But the sexual counter-revolution may also have its downsides, especially in the wake of the #MeToo movement. One is that in an era where concerns about sexual consent are becoming more salient, false allegations of sexual assault or rape may become more likely to proliferate, driven partly by a lack of clarity about how to define consent in sexual encounters that are often ambiguous and alcohol-fueled. Think of the fraternity accused of gang rape in the retracted Rolling Stone story about the University of Virginia. Or the bizarre charges made by Columbia University’s “mattress girl,” Emma Sulkowicz, against her former friend and lover, Paul Nungesser. Or the sexual assault charges lodged against Alphonso Baity that led to his expulsion from the University of Findlay, despite the fact that multiple witnesses were willing to testify that he engaged in consensual sex with his accuser. Or the successful cases that have been brought by men thrown out of college for alleged sexual assaults. Such allegations can do untold harm to the reputations and lives of many parties—mostly men—who engaged in what seemed to them to be consensual sex.
The ongoing cultural shifts in attitudes toward sex and relationships may make some men so hesitant to express interest or affection that relationships and marriage take a noticeable downward turn. “In the complicated dance of courtship, someone has to make a move, and the way one conventionally discovers if one’s attraction is returned is to brave some gentle physical contact and perhaps accept rebuff,” wrote the novelist Lionel Shriver. She added, “I am concerned that we are well on our way to demonising, if not criminalising, all male desire.” In other words, taken too far, the emerging sexual counter-revolution could put a chill on romance, relationships and marriage if sizable numbers of single men become afraid to initiate relationships with women.
Perhaps the least surprising, but most damaging, consequence of the recent decline in sex is that the nation’s birth rate continues to fall to near record lows. In the wake of the Great Recession, births in the United States plunged. But even as the economy has improved, births have continued to decrease since 2014 among women under 30. These birth declines among young women have far outpaced modest birth increases among women 30 and older. This has brought the projected total fertility rate to a 38-year low in the United States: 1.77 children per women for 2017.
Another consequence, then, of the sexual counter-revolution is likely to be continuing declines in American births, with all that entails for the long-term health of the labor force and taxpayer base. Over time, absent increases in immigration, continuing declines in births will translate into fewer workers and consumers—which, in turn, will mean reduced economic growth, less entrepreneurial activity, and a declining ratio of taxpayers to retirees, spelling trouble for the solvency of programs like Medicare and Social Security.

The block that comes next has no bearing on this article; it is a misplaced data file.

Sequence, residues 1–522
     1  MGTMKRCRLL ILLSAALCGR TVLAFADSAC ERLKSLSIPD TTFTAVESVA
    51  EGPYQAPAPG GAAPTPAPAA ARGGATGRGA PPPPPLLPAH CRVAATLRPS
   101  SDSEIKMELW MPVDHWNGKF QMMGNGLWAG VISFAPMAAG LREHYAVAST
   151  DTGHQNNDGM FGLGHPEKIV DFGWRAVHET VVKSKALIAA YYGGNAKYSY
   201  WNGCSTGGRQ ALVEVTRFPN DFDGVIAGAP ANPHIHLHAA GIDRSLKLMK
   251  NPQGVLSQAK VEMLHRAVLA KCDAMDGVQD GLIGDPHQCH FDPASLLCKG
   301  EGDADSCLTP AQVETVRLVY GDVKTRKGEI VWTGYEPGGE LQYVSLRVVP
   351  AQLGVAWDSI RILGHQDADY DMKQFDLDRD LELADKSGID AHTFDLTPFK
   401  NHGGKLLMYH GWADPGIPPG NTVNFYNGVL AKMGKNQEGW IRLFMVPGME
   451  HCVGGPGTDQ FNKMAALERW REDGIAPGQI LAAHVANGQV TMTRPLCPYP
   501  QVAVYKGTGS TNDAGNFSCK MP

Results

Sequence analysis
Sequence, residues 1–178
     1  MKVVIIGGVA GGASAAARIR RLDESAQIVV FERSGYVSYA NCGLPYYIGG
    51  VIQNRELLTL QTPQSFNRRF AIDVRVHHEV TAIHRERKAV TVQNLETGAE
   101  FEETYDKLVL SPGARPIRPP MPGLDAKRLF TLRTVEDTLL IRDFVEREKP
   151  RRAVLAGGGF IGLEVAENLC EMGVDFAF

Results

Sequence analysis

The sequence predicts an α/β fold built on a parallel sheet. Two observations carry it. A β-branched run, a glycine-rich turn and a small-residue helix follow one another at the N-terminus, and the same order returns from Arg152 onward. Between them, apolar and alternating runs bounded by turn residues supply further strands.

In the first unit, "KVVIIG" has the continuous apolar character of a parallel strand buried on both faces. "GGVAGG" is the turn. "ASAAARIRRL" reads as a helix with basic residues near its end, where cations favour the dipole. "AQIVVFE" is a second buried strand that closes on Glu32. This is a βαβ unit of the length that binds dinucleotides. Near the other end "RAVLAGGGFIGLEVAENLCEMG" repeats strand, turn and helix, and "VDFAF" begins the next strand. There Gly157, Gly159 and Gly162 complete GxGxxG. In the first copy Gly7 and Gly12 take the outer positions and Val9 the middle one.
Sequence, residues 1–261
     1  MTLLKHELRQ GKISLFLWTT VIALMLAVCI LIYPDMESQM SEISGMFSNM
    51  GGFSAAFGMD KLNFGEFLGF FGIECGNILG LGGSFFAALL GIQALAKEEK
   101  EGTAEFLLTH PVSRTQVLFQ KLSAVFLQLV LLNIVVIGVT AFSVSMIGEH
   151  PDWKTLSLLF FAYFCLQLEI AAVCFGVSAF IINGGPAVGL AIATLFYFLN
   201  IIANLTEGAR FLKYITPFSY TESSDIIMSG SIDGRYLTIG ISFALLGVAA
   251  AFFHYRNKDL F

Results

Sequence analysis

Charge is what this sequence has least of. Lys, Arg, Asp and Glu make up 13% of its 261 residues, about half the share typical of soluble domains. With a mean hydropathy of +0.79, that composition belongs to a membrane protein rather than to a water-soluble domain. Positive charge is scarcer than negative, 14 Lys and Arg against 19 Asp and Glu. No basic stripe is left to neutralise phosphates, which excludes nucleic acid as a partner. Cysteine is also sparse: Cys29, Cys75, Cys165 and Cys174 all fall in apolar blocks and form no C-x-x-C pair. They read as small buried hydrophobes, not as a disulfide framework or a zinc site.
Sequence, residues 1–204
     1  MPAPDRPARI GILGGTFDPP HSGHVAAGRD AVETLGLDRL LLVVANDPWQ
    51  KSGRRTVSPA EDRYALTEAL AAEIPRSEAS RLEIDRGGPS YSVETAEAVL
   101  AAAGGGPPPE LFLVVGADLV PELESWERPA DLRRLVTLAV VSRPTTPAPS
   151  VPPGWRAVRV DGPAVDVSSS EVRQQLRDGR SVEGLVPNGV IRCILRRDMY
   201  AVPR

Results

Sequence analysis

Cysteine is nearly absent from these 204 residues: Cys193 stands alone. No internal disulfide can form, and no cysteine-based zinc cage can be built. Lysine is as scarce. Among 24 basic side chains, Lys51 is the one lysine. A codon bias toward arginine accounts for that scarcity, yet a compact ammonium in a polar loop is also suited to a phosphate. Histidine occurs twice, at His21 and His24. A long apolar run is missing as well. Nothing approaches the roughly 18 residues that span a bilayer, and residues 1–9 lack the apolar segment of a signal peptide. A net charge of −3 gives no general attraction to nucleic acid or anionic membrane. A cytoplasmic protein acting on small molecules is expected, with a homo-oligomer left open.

To be honest, we are not sure if sex will keep declining. The sexual pendulum could start swinging in a different direction. But if it doesn’t—if the rate that people are having real sex continues to fall, if concerns about sexual misconduct end up casting a pall over romance, and if our relationship with our screens distracts us from relationships with real people, all big “ifs”—then the United States could end up in danger of following a relational and economic path already pioneered by Japan.
In Japan, sex, relationships and marriage have fallen precipitously among young adults in recent decades, partly because many young men and women are finding it more and more difficult to forge romantic relationships, and because they are devoting more and more time to Japan’s thriving online and entertainment sectors, from anime to Line, the nation’s leading social media network. So-called “herbivores,” men who have little or no interest in sex, are on the rise. Ano Matsui, a 26-year-old man recently profiled by the BBC, confessed “I don’t have self-confidence” about asking women out, after having been rebuffed by one woman. He’s not alone, in his estimation: “There a lot of men like me who find women scary.” In fact, a staggering share—more than one third—of young Japanese adults between 18 and 34 report they are virgins.
What’s the big deal? In Japan, less sex and less marriage seem to have translated into smaller and weaker families. The nation has one of the world’s lowest fertility rates—just 1.41 children per woman, and a population that shrunk by more than 1 million since 2010. Japanese companies struggle to find workers, and the government struggles to pay for public pensions as “its working-age population shrinks and its elderly population surges,” in the words of Phillip Longman and his colleagues. Japan has the largest public debt of any nation in the world. Most fundamentally, the Japanese way means that millions of people live alone. A harrowing New York Times story, for instance, recently explained how the decline of Japanese families now means that a “generation of elderly Japanese is dying alone,” living in “extreme isolation,” often left to themselves for weeks on end, even in death.
The United States has not yet taken the Japanese road of infrequent sex, minimal marriage and way-below-replacement fertility. The danger with the #MeToo movement is that, working in concert with our devotion to our screens and our fear of commitment, it could help propel us down such a road. Alternatively, if the #MeToo movement ends up boosting considerate, committed and consensual sex, we may see a revival not only of good sex but of a renewed confidence in marriage and parenthood. As is so often the case with sex, the path America chooses will have enormous consequences.